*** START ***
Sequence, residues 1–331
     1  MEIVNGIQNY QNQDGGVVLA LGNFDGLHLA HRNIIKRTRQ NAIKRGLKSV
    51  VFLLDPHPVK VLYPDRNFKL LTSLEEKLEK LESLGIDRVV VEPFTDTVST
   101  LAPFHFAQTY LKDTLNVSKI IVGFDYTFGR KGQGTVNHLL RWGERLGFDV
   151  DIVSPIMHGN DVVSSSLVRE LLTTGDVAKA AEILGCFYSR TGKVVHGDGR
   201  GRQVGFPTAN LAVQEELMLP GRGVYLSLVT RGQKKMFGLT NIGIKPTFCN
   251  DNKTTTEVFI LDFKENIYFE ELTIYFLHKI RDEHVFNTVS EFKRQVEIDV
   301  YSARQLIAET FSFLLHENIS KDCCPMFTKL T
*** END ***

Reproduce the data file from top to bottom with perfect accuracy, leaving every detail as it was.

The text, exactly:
Sequence, residues 1–331
     1  MEIVNGIQNY QNQDGGVVLA LGNFDGLHLA HRNIIKRTRQ NAIKRGLKSV
    51  VFLLDPHPVK VLYPDRNFKL LTSLEEKLEK LESLGIDRVV VEPFTDTVST
   101  LAPFHFAQTY LKDTLNVSKI IVGFDYTFGR KGQGTVNHLL RWGERLGFDV
   151  DIVSPIMHGN DVVSSSLVRE LLTTGDVAKA AEILGCFYSR TGKVVHGDGR
   201  GRQVGFPTAN LAVQEELMLP GRGVYLSLVT RGQKKMFGLT NIGIKPTFCN
   251  DNKTTTEVFI LDFKENIYFE ELTIYFLHKI RDEHVFNTVS EFKRQVEIDV
   301  YSARQLIAET FSFLLHENIS KDCCPMFTKL T